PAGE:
Giant Cell Granuloma of the temporal bone
23 April 2019 (online)
Giant cell granulomas (GCG) are rare, non-neoplastic, osteolytic lesions predominantly found in the gnathic bones. Since the first report by Hirschl and Katz in 1974 several cases of GCG with manifestation in different locations like the short bones of hands and feet, long bones of the extremities and vertebrae were detected. Nevertheless, the occurrence of GCG in the temporal bone is a rarity and only a few cases are reported in literature.
This article presents the case of a 45-year-old patient with GCG located in the right temporal bone.
The patient was admitted to the hospital due to right-sided hearing impairment. In the clinical examination a bulging of the anterior wall of the right external auditory canal was demonstrated which correlated with an osteolytic lesion in the anterior temporal bone shown on subsequently performed CT and MRT scans. The lesion reached the temporomandibular joint, eroded the temporal calvaria and protruded into the middle fossa with a total diameter of 3 cm. After histopathologic examination of tissue extracted via an endaural approach, identifying the lesion as GCG, we performed a complete resection of the lesion via an infratemporal fossa approach type B (as described by Fisch). Upon removal, the lesion was found to have attachments to the dura of the middle fossa with no intra-axial extension.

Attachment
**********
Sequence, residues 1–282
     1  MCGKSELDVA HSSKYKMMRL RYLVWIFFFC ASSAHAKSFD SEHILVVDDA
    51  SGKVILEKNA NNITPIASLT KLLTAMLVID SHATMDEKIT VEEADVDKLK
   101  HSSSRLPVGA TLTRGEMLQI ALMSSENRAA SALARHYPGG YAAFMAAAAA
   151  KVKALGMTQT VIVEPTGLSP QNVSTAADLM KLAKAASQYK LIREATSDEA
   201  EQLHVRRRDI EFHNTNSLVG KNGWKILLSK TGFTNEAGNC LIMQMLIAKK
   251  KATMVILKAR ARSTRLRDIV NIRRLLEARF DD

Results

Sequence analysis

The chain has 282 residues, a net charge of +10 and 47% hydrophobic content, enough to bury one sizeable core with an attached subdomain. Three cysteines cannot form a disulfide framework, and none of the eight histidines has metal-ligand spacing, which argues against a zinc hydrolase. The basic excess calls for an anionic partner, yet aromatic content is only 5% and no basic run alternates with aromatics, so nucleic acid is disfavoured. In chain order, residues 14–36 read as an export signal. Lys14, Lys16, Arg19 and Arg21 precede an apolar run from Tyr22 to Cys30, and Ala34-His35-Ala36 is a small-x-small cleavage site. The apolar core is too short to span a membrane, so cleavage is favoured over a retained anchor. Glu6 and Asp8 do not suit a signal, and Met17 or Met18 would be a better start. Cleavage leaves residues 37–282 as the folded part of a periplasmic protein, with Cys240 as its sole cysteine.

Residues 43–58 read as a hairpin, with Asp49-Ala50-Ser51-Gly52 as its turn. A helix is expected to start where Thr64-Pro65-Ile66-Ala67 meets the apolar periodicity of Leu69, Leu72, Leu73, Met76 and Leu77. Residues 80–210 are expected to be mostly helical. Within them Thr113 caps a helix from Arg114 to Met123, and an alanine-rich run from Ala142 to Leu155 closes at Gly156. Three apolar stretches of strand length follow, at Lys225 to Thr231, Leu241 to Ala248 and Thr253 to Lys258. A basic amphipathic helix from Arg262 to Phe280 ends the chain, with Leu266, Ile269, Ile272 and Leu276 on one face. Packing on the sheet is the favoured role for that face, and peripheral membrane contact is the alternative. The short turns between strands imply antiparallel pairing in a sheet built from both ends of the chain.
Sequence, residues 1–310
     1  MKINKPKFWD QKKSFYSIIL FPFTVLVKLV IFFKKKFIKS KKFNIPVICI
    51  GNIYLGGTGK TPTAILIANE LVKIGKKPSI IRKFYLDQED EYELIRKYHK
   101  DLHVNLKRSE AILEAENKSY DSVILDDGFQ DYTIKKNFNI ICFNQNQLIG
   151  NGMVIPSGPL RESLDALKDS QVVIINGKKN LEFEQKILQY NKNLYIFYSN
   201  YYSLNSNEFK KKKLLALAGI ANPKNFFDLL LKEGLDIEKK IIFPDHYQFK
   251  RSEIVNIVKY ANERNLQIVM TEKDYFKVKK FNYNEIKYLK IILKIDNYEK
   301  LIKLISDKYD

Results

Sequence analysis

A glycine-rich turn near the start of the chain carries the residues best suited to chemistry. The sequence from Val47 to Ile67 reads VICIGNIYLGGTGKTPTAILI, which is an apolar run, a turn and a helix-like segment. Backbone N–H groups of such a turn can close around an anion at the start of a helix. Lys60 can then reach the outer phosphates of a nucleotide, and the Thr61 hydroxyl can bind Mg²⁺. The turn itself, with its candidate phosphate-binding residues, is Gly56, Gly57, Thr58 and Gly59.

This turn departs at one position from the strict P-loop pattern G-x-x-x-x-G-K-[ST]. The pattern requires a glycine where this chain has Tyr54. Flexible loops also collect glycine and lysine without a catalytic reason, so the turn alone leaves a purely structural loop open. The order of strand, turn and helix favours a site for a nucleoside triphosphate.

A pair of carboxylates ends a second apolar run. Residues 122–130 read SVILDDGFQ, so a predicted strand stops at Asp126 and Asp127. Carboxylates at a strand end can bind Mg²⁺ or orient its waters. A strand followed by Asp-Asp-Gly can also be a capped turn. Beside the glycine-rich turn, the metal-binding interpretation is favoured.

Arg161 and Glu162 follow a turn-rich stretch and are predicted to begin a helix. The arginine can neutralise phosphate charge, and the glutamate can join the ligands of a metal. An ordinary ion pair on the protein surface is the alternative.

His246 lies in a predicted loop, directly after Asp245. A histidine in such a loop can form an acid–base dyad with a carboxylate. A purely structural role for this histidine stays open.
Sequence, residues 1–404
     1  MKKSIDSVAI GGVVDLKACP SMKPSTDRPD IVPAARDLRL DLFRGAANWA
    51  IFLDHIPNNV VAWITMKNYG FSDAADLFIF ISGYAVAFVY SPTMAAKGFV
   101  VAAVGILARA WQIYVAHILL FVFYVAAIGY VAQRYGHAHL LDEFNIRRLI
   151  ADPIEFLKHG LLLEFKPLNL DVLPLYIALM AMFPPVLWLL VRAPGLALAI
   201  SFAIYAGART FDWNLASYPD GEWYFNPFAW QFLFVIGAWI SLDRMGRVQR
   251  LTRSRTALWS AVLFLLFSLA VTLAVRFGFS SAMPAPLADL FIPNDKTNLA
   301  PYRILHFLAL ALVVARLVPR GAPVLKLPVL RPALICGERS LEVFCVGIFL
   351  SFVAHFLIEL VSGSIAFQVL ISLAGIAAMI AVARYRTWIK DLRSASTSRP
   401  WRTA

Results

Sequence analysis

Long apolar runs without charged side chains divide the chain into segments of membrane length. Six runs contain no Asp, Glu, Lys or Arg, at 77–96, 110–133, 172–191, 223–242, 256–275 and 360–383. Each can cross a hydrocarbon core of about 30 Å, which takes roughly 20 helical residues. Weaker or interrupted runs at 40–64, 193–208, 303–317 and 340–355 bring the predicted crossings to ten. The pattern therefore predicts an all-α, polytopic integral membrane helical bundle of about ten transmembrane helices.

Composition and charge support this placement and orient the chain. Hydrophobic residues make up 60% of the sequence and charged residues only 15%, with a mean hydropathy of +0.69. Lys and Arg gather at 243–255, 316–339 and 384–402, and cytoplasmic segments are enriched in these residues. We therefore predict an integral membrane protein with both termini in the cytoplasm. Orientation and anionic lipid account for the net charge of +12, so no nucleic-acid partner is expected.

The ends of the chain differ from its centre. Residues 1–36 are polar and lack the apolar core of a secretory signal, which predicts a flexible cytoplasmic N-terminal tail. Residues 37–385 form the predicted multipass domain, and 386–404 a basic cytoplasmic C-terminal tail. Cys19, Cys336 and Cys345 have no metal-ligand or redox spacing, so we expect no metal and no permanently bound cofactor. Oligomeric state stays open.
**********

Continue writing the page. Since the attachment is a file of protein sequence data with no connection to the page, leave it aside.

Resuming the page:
Preoperative diagnosis of GCG is challenging as differential diagnosis like giant cell tumor, brown tumor of hyperparathyroidism and aneurysmal bone cyst can present themself in a similar fashion. With ruling out the potential differential diagnosis no further treatment is indicated after complete radical resection but follow up examination should be performed as a recurrence rate of 10% is described in literature.